Lindsay Smith is a Project Manager at the Global Alliance for Genomics and Health (GA4GH), an international not for profit alliance that develops standards, policies and frameworks for the responsible and secure sharing of genetics and related health data. She earned her Master’s in Molecular Genetics from the University of Toronto, then worked at SickKids (the Hospital for Sick Children) before joining GA4GH.
She entered the standards world by joining the ISO subcommittee on Genomics Informatics, ISO/TC 215/SC 1, in 2019. In 2020, she became the Project Lead for developing the standard for phenopackets (ISO/CD 4454 Genomics Informatics – Phenopackets: A Format for Phenotypic Data Exchange).
What inspired you to get involved with SCC and ISO?
Part of my job is to coordinate a genomics and health forum that facilitates knowledge exchange between global genomics initiatives. I also support a lot of collaboration between standards development organizations and ISO.
The Phenopackets standard was developed and approved through GA4GH in October 2019. It enables the exchange of phenotypic information among systems and computation of data. The standard has the incredible potential to impact clinical research by enabling integration of different sources, and improving clinical diagnostics and storage of clinical data. If researchers’ efforts are fragmented or competing, we’re not going to solve anything. GA4GH decided to bring phenopackets into ISO with the help of SCC so we can bring together global experts and collaborate on making the standard valuable and a benefit to all.
I joined SCC in February 2020 and applied for the SCC Innovation Initiative which phenopackets was accepted to. Shout out to Don Newsham, long-time contributor to standards work and Administrator for ISO/TC 215/SC 1, and SCC Program Manager Andrea Ciemny who were absolutely fantastic in guiding me through ISO processes and procedures.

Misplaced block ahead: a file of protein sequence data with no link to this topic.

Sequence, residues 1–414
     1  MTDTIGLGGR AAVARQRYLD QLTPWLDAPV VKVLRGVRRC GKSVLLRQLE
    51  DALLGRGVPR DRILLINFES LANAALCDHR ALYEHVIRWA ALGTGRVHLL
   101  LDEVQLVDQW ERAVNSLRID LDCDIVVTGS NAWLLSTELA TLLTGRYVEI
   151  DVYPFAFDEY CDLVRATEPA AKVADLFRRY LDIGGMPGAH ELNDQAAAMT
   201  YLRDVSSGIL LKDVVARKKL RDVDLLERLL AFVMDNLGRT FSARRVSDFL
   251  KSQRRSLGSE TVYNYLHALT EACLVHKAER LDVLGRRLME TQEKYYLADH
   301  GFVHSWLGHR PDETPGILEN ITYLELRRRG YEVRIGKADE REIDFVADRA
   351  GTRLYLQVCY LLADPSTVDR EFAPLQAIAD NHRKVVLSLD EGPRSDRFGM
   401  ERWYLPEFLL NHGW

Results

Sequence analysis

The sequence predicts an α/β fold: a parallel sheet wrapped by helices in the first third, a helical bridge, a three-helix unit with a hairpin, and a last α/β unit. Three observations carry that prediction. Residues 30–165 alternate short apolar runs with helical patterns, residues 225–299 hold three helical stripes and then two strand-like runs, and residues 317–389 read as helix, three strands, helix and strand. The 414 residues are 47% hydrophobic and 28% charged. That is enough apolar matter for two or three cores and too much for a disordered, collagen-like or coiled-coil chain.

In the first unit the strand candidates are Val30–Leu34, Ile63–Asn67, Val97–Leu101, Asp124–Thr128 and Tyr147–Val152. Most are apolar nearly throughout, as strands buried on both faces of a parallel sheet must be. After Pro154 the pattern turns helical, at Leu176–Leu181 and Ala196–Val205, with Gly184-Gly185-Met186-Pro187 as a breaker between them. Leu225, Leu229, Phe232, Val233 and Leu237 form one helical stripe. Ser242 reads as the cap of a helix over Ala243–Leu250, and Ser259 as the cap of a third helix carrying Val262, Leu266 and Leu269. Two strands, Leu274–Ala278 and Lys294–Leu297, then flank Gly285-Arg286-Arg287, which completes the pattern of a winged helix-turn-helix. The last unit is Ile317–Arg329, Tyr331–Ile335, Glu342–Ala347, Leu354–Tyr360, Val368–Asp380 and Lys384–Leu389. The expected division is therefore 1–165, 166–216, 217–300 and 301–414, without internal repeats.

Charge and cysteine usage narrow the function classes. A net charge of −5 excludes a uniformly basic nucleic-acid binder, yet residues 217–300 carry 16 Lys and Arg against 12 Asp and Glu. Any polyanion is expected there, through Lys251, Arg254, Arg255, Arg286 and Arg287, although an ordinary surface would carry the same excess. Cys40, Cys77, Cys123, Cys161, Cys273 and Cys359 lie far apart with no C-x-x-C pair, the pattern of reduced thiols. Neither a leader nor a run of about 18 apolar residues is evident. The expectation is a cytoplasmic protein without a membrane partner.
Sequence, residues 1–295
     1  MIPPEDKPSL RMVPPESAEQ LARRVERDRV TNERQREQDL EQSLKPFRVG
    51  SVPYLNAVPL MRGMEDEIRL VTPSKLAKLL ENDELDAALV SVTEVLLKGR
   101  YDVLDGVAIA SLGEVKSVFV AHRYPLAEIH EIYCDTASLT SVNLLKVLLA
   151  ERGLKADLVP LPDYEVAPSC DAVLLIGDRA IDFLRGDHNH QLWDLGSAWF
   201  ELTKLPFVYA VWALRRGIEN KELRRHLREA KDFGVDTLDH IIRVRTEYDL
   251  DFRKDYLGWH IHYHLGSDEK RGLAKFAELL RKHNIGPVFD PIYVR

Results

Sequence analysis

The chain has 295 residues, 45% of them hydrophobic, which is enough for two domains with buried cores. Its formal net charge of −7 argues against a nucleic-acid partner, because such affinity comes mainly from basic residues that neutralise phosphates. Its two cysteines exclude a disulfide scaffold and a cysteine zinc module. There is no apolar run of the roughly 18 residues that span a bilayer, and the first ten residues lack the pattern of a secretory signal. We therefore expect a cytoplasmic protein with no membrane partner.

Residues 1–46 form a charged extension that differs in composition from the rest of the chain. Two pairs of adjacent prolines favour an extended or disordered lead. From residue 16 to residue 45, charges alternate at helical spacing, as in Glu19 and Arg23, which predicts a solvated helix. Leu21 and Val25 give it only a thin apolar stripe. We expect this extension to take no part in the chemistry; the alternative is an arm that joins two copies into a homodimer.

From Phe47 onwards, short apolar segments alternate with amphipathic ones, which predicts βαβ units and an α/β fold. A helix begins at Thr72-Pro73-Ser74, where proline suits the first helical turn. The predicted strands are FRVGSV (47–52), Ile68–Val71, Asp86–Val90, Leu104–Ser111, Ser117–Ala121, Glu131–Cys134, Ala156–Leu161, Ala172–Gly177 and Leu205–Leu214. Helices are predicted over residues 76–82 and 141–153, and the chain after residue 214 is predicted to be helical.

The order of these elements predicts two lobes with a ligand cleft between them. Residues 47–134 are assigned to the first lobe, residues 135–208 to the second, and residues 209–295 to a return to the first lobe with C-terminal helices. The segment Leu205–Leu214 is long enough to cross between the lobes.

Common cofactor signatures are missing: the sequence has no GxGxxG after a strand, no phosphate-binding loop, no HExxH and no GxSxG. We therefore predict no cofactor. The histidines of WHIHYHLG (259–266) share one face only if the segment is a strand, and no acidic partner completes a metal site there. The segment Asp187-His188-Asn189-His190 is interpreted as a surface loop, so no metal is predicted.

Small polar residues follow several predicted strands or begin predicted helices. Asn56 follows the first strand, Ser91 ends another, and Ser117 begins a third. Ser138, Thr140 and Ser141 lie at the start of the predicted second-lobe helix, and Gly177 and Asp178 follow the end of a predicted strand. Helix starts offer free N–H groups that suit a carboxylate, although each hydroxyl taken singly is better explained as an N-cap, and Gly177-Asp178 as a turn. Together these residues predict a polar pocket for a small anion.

Young professionals will shape the future of international standardization. What would you say to emerging experts who feel like only seasoned specialists can get involved in standardization activities?
Get involved and don’t be afraid to get involved! I think a lot of people come in thinking, ‘I’m no expert, these people have been here for years, what could I possibly contribute?’ The truth is you do have great ideas and you come from different perspectives. Join a technical committee or two and try submitting comments, even if they’re just editorial. For a lot of people writing standards, English is their second language so by even just making a standard a little easier to read, your contribution is valuable. In the worst-case scenario, you will still learn something new about your field. It’s not as scary as it seems.
SCC is one of more than 50 international standardization bodies that signed the United Nations Economic Commission for Europe’s Declaration for Gender Responsive-Standards in 2019. How does ISO/TC 215/SC 1 support this global effort to create more gender-responsive standards?
One of the great things about TC 215 is that there are several women in the group. All of who come from different backgrounds and bring different expertise. They are very actively involved and are being heard. I think that’s fantastic! In standards development, even in technical development, we’ve been hearing and learning more about unconscious biases when you’re creating standards, even unintentionally. To make standards for everyone, we need to have everyone involved. I would love to see more women in the STEM field, which is unfortunately quite male dominated, but I think we’re making the steps there.
What role do you think the SCC will have in the standards world 50 years from now?
As long as people keep innovating and building new technologies, standards will be needed. What we create now will affect the future. As the trend of digitization intensifies, we’re going to see massive amounts of genomic and health data generation that have an enormous potential to impact research and healthcare delivery. There are many challenges: inconsistent pipelines, volume of data, etc. My vision for the future of standardization is a world where clinical geneticists have an internet of genomics, one where they can access exponentially more data than what is available today. This vision depends on standards. I really hope that future comes true.
Participation in international technical committees, such as ISO/TC 215/SC 1, allows experts to shape standards that impact them. Find more opportunities to get involved in standardization activities.